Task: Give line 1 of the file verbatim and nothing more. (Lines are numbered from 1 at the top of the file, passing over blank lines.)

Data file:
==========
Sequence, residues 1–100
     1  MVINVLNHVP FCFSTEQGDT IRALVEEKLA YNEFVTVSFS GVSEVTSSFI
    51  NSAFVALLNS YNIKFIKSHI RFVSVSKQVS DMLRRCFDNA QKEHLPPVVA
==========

Sequence, residues 1–100